Fruit and Tree Nuts Market Outlook - June 2016
ERS anticipates a decline in supplies of several major fruit crops in 2015/16 due to lower production. Declining supplies together with robust demand have supported farm and retail prices, which continue higher this year. The following interactive content is based on the Fruit and Tree Nut Outlook report.
Production forecast down for several major fruit crops, mixed for tree nuts
Lower production levels limit current fruit supplies for a number of major fruit crops. For most of these crops, supplies are winding down in 2015/16. The U.S. citrus crop is forecast at a little over 8 million tons, down 6 percent from the 9 million tons produced in 2014/15. With the exception of tangerines/mandarins, all major citrus crops are forecast lower. Cold, wet conditions and disease in Florida are among the main factors behind the decline in citrus production. Apple and pear supplies are also down following smaller harvests in the fall of 2015. With summer upon us and the cherry harvest underway, U.S. sweet cherry production is forecast to be lower than average this year mostly due to the expected smaller crop in Washington—a major producing State. In contrast, U.S. tart cherry production is expected up substantially as the Michigan crop rebounds from last year’s freeze-reduced totals.
With the 2016/17 almond harvest fast approaching, U.S. almond output—which accounts for nearly two-thirds of U.S. tree nut production—is forecast to return to the 2.0-billion-pound mark, up moderately from the current season (2015/16) and just shy of the record 2.03 billion pounds produced in 2011/12. Current-season production was recently adjusted upward, increasing slightly from 2014/15. In contrast, the pistachio crop is anticipated to be nearly halved in 2015/16 due to below-average yields and an off-cycle (alternate-bearing) year. Both nuts are produced almost totally in California.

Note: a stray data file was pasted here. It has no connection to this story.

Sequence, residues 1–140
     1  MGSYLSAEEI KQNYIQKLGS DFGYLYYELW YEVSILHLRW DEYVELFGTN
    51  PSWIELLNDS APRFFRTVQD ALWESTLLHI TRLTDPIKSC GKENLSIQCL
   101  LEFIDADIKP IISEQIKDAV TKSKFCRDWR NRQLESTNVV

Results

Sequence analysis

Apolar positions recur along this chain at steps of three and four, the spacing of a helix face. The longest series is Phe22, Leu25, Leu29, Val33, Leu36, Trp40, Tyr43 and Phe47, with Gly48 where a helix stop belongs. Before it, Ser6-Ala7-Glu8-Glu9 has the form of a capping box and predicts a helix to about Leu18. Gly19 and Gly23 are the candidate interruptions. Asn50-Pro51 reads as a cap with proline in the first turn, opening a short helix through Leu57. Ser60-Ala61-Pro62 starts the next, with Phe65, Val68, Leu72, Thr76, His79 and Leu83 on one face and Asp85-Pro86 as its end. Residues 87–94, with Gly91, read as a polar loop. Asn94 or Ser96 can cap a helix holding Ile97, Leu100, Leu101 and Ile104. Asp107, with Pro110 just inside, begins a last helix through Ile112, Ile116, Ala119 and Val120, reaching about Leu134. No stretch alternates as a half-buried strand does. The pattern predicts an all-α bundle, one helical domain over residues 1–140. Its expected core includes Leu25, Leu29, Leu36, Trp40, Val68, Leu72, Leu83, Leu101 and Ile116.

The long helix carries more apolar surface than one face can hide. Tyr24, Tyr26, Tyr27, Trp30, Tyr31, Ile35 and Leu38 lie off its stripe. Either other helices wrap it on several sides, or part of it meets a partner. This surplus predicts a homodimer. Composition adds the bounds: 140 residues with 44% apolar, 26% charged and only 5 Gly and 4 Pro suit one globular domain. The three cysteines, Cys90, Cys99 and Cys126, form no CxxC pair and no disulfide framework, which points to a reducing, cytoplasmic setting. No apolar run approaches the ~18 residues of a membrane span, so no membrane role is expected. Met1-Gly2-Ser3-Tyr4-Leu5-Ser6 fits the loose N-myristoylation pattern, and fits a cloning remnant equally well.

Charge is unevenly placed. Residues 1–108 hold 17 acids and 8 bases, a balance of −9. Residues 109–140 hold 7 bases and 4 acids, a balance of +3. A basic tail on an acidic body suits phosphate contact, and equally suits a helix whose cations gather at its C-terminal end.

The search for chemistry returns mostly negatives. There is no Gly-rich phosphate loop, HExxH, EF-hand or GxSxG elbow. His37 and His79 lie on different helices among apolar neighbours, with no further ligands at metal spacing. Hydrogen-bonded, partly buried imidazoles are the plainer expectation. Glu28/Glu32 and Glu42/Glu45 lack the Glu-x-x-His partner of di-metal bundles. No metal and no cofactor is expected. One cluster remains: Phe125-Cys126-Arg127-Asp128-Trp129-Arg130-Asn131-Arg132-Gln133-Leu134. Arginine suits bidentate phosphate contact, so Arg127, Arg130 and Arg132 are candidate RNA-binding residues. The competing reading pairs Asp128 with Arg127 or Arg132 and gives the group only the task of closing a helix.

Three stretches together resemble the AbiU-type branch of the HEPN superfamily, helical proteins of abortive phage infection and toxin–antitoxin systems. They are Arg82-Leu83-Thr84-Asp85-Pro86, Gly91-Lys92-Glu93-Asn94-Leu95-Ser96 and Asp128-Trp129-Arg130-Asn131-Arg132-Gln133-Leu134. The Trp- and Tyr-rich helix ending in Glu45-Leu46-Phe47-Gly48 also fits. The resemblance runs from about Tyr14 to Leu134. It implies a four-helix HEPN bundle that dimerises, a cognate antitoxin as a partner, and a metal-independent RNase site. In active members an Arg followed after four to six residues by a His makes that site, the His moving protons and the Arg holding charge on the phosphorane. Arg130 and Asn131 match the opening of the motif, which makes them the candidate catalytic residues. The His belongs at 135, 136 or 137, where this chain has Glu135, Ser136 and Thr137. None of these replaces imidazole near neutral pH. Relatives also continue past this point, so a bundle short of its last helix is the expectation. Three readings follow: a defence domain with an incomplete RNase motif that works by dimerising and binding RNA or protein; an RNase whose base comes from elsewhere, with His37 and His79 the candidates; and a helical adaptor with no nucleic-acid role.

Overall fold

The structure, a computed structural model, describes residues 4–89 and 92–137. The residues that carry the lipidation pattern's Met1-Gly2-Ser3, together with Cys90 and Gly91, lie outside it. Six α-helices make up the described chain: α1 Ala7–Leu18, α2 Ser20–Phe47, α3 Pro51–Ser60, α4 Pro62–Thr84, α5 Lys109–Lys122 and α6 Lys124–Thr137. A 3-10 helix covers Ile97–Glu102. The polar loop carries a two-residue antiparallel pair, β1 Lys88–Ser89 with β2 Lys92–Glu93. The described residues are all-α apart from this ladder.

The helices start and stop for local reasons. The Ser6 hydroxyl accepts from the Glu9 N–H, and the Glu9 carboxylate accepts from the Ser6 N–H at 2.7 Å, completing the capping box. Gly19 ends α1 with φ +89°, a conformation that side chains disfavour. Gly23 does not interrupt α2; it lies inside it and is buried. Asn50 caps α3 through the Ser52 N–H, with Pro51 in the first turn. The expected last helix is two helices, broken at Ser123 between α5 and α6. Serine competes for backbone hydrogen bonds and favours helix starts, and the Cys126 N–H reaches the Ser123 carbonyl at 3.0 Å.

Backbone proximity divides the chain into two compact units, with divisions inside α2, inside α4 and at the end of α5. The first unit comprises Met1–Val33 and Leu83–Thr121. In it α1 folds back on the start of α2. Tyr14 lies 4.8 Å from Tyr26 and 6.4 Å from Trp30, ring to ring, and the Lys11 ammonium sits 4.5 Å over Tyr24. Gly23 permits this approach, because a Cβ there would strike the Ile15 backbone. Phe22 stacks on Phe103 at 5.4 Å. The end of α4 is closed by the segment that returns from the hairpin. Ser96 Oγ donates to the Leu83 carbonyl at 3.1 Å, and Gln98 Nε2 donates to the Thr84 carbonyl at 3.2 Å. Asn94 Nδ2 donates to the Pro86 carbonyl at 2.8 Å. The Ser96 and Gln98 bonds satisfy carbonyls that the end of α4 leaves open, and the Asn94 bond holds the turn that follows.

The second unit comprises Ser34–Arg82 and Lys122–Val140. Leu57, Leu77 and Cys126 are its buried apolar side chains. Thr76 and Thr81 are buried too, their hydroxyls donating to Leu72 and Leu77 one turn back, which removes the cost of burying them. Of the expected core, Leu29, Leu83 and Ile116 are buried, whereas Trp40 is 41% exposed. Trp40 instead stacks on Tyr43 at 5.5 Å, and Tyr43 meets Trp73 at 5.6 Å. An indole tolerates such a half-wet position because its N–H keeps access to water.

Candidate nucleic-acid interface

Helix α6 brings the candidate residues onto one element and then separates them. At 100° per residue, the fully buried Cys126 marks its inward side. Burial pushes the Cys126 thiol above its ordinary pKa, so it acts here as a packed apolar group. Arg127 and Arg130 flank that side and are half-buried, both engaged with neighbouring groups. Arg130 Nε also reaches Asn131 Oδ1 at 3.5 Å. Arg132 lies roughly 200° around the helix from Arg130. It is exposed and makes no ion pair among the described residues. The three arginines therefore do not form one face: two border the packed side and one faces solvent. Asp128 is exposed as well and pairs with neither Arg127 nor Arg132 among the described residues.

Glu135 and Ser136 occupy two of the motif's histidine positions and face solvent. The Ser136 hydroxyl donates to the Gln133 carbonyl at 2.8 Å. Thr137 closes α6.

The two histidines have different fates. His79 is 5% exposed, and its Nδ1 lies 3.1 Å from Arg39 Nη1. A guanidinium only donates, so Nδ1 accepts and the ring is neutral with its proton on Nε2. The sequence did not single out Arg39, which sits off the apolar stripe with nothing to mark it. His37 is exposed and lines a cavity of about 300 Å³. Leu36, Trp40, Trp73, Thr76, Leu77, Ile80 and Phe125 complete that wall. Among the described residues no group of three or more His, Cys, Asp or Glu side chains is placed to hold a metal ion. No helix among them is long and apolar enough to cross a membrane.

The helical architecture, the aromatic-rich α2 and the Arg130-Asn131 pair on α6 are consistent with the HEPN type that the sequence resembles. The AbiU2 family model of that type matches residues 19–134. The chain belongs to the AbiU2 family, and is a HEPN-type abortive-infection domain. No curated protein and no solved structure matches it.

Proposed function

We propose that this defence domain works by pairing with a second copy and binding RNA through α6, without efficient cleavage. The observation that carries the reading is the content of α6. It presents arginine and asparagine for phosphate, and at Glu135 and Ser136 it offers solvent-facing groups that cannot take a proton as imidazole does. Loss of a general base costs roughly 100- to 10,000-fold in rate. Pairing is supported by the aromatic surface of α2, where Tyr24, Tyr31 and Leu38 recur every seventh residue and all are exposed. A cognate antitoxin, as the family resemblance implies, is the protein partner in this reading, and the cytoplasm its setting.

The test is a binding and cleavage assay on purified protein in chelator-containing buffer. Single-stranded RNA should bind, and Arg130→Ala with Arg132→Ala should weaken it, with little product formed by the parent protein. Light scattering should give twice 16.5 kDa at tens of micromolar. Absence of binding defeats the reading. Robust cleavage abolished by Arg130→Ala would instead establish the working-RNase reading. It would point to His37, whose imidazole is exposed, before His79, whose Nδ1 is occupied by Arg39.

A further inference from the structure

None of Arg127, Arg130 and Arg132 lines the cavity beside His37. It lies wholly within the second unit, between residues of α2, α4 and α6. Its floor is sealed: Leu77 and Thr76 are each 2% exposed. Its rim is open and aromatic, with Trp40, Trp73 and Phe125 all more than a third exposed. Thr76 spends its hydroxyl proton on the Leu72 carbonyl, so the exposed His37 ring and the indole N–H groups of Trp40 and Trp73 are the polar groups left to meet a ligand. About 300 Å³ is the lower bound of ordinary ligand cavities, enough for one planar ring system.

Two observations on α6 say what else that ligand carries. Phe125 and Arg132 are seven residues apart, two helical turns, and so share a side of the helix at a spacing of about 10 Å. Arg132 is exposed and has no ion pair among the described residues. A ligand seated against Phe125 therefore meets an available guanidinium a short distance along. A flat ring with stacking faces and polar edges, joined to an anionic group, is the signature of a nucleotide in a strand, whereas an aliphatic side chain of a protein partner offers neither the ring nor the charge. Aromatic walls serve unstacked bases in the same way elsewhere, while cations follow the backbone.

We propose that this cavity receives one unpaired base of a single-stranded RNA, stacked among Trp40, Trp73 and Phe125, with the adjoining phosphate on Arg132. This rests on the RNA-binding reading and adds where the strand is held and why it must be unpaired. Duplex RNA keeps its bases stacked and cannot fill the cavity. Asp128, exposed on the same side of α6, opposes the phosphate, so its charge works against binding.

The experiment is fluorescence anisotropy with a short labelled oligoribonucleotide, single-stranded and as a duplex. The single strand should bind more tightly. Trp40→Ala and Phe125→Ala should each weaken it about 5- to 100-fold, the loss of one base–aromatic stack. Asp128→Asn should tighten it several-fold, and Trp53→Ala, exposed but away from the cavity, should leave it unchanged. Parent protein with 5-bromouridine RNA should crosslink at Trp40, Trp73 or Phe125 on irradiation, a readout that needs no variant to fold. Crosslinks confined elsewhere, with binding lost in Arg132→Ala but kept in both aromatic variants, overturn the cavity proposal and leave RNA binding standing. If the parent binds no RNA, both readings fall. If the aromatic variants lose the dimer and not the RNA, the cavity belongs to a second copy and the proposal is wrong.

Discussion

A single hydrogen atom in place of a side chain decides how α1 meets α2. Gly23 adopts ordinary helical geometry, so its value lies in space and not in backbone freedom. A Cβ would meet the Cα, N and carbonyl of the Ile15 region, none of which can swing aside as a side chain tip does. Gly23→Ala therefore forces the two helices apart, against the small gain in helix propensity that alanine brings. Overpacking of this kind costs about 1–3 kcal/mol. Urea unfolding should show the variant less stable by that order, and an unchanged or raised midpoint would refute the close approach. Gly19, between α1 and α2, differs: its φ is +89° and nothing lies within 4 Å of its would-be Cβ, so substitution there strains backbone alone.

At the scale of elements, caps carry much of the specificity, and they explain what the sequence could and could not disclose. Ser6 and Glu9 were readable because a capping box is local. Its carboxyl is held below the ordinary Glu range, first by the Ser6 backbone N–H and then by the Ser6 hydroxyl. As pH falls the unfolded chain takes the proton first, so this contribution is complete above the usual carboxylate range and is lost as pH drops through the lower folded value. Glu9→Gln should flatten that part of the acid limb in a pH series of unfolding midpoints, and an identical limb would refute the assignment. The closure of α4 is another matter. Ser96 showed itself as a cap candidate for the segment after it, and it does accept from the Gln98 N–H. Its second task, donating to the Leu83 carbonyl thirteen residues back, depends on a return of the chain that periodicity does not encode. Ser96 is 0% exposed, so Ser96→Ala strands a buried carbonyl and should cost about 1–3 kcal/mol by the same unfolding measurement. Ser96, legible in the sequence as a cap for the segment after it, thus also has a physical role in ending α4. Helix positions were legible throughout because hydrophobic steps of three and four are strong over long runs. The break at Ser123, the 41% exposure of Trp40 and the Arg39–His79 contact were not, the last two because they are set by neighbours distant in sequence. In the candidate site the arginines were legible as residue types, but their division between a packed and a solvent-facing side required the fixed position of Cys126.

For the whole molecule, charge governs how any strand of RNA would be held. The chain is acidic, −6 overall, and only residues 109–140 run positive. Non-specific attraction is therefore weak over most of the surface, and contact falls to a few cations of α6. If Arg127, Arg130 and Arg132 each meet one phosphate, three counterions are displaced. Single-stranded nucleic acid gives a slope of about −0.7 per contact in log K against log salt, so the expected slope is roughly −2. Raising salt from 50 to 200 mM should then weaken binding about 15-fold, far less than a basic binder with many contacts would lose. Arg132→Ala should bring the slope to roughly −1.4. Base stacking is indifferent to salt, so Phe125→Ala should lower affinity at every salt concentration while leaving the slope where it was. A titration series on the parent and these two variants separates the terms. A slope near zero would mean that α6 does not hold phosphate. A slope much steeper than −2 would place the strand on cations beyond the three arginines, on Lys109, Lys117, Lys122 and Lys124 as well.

Lower orange prices for growers and consumers outweigh higher prices for other fruit
Tight supplies due to lower production have kept grower prices strong for most fruit in 2015/16, except for oranges. Despite these strong prices, the grower price index for all fruit—a measure of the average change in prices received by growers—slipped to 122 (2011=100) in April 2016, down from 127 in April 2015, following record highs during the first 2 months of 2016. Lower prices for oranges are the cause of the lower fruit price index.
The Consumer Price Index (CPI) for fresh fruit has remained strong in 2016. The CPI was up 3 percent in May 2016, compared with the same month in 2015. Higher retail prices for grapefruit, lemons, Red Delicious apples, strawberries, and Thompson seedless grapes boosted the CPI in May, according to data from the U.S. Bureau of Labor Statistics.